- 40M = Surprisingly, works quite well on this band for BOTH local and long-haul DX. This surprised me because I was expecting it to work better on 30M than 40M, but I was wrong. Kicks butt on 40M! No, it is NOT as good as the Half G5RV for local contacts, but holds it's own for DX. Approx. 1 - 2 S Units down from a ground mounted GAP Challenger Vertical on this band, and approx. 2 - 3 S Units down from a full sized (Cushcraft AV-5) trap vertical, ground mounted with extensive radial field. However, for what it is, it performs well on this band. It has become my primary PSK-31 antenna on 40M
- 80M = Well, if you've got nothing else, then use it, but be advised that it is seriously deficient on this band. I've never worked (even PSK-31) a two-way contact on this band. I HAVE however, used it as an effective RX antenna on both 80 and 160M during high atmospheric QRN condx.
- 160M = Although not 'designed' for this band, it does offer an acceptable SWR through the whole range of 1.800 - 2.000 MHz, but no one will hear you due to the extreme lack of radiation efficiency here (probably <1.0%). However, as stated above, it makes a GREAT RX antenna for 160M.
- BCB Receive = A highly effective AM Broadcast band receive antenna for AM DXing (vertical polarization). There are AM Broadcast stations I can hear on this antenna (Wyoming, California, Etc.) which I can't hear on horizontal antennas. Conversely, radio stations in NYC (approx. 60 - 80 miles away), which are booming on my larger horizontal antennas are barely (if at all) heard on the Jetstream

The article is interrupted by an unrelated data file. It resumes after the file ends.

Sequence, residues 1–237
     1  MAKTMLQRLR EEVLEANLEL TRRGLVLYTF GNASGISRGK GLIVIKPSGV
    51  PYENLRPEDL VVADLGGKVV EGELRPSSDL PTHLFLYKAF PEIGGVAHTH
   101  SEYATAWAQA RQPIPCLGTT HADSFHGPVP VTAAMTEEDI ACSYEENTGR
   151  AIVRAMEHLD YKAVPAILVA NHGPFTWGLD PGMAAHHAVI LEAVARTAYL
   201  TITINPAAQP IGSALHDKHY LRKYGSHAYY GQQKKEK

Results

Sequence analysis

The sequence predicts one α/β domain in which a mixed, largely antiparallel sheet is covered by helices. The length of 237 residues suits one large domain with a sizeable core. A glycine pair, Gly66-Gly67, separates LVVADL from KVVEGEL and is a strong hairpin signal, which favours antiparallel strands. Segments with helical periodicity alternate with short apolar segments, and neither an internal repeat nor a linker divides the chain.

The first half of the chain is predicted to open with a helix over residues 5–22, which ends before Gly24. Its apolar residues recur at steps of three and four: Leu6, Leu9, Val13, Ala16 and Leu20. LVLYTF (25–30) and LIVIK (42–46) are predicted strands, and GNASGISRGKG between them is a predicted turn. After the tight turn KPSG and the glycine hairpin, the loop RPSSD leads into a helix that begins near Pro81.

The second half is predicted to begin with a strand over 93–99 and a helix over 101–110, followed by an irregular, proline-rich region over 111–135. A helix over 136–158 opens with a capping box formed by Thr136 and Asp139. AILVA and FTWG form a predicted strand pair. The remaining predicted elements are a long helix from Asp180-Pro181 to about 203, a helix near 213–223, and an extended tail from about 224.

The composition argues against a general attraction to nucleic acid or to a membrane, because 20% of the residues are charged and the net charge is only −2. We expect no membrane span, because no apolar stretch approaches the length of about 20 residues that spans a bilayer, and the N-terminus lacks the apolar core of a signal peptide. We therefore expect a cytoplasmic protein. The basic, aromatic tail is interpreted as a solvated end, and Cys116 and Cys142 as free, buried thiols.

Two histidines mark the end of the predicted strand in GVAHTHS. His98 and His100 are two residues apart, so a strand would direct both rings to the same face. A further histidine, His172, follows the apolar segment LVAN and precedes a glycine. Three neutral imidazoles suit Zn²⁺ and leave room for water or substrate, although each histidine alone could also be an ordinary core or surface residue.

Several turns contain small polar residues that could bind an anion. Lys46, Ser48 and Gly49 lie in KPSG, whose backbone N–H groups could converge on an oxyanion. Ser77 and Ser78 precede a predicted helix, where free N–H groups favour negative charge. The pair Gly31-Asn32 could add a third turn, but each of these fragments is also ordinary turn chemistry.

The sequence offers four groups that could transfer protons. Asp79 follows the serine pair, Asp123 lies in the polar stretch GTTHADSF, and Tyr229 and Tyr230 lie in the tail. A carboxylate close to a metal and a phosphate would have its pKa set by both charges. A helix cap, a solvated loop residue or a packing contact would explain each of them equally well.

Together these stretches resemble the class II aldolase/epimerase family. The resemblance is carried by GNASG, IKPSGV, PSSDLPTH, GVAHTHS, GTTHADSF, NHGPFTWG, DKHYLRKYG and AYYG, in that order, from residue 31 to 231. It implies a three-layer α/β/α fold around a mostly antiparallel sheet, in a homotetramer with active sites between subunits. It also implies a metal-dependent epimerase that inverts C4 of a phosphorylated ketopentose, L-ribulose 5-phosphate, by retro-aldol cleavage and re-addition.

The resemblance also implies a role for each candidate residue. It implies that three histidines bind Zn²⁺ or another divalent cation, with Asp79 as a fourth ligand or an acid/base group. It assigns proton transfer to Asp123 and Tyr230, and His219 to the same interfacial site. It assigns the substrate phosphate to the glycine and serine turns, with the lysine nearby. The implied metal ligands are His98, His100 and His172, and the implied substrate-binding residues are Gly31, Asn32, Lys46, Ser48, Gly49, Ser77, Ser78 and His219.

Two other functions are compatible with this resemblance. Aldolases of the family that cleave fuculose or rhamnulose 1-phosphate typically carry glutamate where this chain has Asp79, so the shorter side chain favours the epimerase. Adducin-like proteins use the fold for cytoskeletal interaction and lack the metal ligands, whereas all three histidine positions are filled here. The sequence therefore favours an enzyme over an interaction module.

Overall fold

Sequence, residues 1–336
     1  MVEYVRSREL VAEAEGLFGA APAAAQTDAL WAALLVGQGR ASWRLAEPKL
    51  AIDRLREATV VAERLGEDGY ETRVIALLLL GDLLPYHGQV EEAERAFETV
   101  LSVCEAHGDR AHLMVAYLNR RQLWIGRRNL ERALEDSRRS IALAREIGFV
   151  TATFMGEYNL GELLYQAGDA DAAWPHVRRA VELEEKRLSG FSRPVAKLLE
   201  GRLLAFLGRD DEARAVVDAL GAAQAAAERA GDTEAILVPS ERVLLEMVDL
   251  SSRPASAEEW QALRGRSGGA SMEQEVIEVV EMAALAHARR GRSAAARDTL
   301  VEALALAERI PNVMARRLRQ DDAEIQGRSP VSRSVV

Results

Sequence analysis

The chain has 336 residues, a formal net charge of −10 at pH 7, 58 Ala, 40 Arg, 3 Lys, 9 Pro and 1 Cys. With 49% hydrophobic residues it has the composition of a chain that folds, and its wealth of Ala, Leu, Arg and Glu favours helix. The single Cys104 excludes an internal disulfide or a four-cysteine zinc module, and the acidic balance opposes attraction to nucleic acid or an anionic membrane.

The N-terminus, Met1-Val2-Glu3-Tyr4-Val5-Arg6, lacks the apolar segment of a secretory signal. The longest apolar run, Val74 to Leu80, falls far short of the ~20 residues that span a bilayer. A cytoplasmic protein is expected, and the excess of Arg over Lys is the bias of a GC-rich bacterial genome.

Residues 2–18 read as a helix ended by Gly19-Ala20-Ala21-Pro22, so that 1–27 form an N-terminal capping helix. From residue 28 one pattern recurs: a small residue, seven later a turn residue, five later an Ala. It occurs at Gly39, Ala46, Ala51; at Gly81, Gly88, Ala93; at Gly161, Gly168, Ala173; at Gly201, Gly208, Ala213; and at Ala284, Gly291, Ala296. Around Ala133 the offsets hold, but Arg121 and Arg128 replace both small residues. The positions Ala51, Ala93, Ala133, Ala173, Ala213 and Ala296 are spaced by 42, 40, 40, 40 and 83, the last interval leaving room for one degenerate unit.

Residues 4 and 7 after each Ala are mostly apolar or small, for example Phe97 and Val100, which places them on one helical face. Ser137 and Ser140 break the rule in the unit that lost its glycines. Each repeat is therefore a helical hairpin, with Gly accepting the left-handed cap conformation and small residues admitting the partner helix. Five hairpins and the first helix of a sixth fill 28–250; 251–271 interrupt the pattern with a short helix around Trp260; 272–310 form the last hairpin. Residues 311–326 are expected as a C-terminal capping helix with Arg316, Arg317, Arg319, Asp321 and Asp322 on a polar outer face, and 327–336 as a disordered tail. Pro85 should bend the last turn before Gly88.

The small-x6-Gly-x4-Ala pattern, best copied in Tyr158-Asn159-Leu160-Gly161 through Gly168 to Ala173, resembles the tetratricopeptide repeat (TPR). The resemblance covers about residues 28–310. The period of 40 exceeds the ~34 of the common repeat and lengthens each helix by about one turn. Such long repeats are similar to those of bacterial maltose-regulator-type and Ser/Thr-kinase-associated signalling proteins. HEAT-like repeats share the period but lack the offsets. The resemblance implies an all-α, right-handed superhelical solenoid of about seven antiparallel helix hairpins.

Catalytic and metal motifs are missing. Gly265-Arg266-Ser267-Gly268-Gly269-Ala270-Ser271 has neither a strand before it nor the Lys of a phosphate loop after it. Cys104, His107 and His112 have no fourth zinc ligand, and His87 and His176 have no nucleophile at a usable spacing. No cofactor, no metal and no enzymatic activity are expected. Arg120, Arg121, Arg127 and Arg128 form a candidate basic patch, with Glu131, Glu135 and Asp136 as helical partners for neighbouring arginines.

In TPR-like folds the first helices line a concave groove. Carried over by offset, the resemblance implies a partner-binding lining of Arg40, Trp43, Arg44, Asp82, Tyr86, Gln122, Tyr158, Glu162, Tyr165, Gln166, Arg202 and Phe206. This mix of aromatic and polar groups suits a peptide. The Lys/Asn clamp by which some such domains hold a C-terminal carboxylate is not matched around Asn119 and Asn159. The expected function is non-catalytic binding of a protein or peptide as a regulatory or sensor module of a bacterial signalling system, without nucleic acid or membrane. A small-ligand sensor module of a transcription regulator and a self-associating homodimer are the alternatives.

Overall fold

- SWLing = If you stay away from the white noise / natural resonance(s) frequencies of this antenna, it does a auitable and quite effective job for Shortwave listening without the need for a balun, tuner, Q multiplier, preselector, or preamplifier. An added benefit.
- Portable / Temporary / Field-Day Use = This antenna is perhaps the EASIEST antenna I've ever assembled. Went together in (literally) less than 5 minutes. It would make the perfect field day or emergency QRV antenna. Once I determine a suitable replacement for it in it's existing mounting location (perhaps a 6M 5/8 wave vertical), I'm probably gonna use the Jetstream as a portable antenna for when I visit my grandkids out of state. (However, again remember that even when disassembled, it is quite long (6' or so) because it is only in 4 sections.) I may also experiement with it by capacitively (top) loading it to see if I can improve it's performance on the lower frequencies, and/or, eliminate the white noise issues I am experiencing on 17 and 30 meter bands.
That's it (for me) in a nutshell. It is what it is, a highly compromised and yet highly effective antenna that truly performs as designed. It is ingenious in its simplicity, ease of installation, and ease of use. Its effectiveness on the 20 and 40 meter bands (at approx. 1/2 the size of a 43' vertical radiator) have confirmed the effectiveness of a 43' vertical on the 40 and 80 meter bands, and although I don't currently have one, I can now see WHY a 43' vertical can be so appealing to so many people. It also makes me wonder if the white noise I experience on 17 and 30M on the JTV would be white noise on 30 and 60M bands on a 43' vertical. Hmmmmmmmm............